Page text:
By Ann Kerr
My husband and I had talked for years about making a video history of our parents. Finally we set dates and did it. My parents live in Idaho so we taped them during our annual visit. We are so glad we did! A year later our fathers died within three months of each other.
Our mothers have watched the videos countless times. Our children laugh as they watch my dad eat bread and milk and take out his false teeth. The tapes will be there for our grandchildren and their children to learn more about their great grandfather and mother.
There are a few simple steps that will make your video informative and entertaining. First, make sure you are familiar with the video camera. If you are borrowing or renting, try it out first so there won’t be any surprises. To keep the picture steady, you should use a tripod. Set the camera on manual focus, then focus on the subjects. We did our parents together, but you could do individuals alone. Don’t do a lot of zooming in and out.
Think of an interesting location. Maybe it’s the kitchen where grandma will demonstrate how she makes bread. My dad is a farmer so before his interview with Mom, we filmed him in the barnyard where he talked about his cows and tractors.
If you are interviewing someone who has saved memorabilia over the years, use those objects during the interviews. When Mom is telling about her high school days, you can zoom in on her class ring, display her prom dress for the camera, or capture photographs.
Before you start the interview (but after the camera is rolling) state who is being interviewed, who is doing it, and the date.
What questions do you ask? There are hundreds. For a short interview of about on hour, we’ve put together some questions that will get people thinking and talking. It’s a good idea to give them the list ahead of time, so they can recall memories without being pressured.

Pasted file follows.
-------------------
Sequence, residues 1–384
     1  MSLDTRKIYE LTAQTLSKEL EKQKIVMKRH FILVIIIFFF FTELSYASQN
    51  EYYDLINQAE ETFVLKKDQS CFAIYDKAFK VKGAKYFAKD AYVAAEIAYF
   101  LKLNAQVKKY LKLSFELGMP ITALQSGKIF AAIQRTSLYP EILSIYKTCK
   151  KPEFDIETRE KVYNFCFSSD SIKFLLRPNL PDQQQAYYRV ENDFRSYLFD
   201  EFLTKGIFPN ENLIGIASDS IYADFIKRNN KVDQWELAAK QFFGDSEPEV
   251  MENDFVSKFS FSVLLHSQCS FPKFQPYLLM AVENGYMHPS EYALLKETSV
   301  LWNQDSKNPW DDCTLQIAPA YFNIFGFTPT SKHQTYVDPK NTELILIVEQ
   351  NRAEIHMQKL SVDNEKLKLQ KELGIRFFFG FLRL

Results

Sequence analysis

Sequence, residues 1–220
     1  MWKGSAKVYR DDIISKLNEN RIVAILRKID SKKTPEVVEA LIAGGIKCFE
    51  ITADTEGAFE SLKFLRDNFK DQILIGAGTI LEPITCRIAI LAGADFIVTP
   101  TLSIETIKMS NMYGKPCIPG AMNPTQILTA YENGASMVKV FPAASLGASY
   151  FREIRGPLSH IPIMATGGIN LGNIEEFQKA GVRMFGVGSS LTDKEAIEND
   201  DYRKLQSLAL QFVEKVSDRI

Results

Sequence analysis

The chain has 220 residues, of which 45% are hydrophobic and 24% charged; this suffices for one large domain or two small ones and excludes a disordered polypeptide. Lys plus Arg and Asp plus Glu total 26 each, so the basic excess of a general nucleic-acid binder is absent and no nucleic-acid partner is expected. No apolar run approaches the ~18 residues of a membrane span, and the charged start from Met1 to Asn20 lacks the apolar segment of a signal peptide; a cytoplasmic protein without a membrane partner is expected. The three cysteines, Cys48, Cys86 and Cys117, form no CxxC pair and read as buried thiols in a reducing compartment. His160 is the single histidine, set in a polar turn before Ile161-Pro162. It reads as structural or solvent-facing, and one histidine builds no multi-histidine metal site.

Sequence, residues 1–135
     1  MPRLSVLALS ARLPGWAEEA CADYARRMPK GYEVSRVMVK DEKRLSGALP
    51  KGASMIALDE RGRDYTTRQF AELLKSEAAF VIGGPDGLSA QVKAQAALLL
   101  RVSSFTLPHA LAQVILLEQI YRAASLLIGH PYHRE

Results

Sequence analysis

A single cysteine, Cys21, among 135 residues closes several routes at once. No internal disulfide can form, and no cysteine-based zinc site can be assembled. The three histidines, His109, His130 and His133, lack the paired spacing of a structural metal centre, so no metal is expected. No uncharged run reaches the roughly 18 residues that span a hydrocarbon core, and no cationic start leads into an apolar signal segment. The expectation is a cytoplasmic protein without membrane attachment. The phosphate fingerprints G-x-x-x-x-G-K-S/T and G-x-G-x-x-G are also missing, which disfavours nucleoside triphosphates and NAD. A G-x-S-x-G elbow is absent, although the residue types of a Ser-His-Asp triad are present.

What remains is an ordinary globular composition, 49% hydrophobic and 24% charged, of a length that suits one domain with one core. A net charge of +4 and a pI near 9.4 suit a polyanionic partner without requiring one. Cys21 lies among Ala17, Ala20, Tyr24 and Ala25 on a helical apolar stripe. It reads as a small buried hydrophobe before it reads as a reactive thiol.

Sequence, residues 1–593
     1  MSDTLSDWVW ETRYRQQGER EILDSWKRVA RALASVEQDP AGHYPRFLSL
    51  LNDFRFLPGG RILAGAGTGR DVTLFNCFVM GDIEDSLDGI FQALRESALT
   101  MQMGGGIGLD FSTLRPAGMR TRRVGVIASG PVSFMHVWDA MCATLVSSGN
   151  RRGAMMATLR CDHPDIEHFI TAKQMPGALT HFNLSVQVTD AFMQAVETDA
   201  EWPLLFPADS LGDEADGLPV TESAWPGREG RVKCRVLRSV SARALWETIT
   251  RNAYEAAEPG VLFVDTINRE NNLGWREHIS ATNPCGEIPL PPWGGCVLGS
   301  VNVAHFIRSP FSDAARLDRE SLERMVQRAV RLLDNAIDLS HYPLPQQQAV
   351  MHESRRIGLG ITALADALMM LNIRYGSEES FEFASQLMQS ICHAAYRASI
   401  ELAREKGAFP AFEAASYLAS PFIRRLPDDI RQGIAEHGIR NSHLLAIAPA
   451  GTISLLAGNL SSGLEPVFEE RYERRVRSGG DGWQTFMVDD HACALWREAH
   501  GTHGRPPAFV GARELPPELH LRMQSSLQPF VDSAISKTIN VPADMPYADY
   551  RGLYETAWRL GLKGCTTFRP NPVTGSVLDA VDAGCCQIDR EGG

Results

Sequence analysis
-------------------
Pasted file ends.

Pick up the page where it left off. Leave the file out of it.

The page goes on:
1. What is your name?
2. What state were you born in? What city? What hospital?
3. How old are you? When is your birthday?
4. What is, or was your occupation? Tell about it.
5. What was your mother’s name? Your father’s name? Your grandparents names? What did you call them?
6. What do you remember most about your mom and dad?
7. What is a special memory with your grandparents or parents?
8. What was your house like growing up?
9. What was your relationship like with your siblings?
10. Describe one family tradition you had growing up that was especially meaningful to you.
11. What did you ever do that got you in trouble at home?
12. How did your parents discipline you?
13. Was/is yours a religious family? What church?
14. Who was your first love and who broke whose heart?
15. Did you go to college? Where did you go? What did you study?
16. Tell about your first date with your spouse.
17. What was your first impression of your spouse?
18. What do you like best about your spouse?
19. Tell about your first kiss.
20. Tell about your wedding day.
21. Describe your first apartment or house.
22. What were your early days of marriage like?
23. What do you remember about each birth of your children?
24. Tell a short story about each of your children.
25. What family vacations have you enjoyed?
26. What is your favorite family tradition now.
27. What are some of your hobbies?
28. What makes you the most happy?
29. What advice would you leave for your posterity?
To be sure that you get the whole story, use follow up questions or phrases that encourage the interviewee to continue.